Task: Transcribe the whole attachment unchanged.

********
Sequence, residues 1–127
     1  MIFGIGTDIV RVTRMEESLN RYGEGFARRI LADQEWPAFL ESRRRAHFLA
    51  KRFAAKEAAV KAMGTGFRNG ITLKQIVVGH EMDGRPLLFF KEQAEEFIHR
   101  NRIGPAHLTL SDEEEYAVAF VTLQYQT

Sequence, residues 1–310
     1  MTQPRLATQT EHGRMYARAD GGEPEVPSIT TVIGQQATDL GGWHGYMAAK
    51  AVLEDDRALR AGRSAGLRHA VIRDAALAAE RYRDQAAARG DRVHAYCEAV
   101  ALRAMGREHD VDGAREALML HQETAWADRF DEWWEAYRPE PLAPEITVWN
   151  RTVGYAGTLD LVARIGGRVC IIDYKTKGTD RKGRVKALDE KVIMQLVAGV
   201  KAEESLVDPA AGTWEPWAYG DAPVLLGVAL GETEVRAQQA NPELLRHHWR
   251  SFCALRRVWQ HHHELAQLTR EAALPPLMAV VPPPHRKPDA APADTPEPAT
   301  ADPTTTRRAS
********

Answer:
Sequence, residues 1–127
     1  MIFGIGTDIV RVTRMEESLN RYGEGFARRI LADQEWPAFL ESRRRAHFLA
    51  KRFAAKEAAV KAMGTGFRNG ITLKQIVVGH EMDGRPLLFF KEQAEEFIHR
   101  NRIGPAHLTL SDEEEYAVAF VTLQYQT

Sequence, residues 1–310
     1  MTQPRLATQT EHGRMYARAD GGEPEVPSIT TVIGQQATDL GGWHGYMAAK
    51  AVLEDDRALR AGRSAGLRHA VIRDAALAAE RYRDQAAARG DRVHAYCEAV
   101  ALRAMGREHD VDGAREALML HQETAWADRF DEWWEAYRPE PLAPEITVWN
   151  RTVGYAGTLD LVARIGGRVC IIDYKTKGTD RKGRVKALDE KVIMQLVAGV
   201  KAEESLVDPA AGTWEPWAYG DAPVLLGVAL GETEVRAQQA NPELLRHHWR
   251  SFCALRRVWQ HHHELAQLTR EAALPPLMAV VPPPHRKPDA APADTPEPAT
   301  ADPTTTRRAS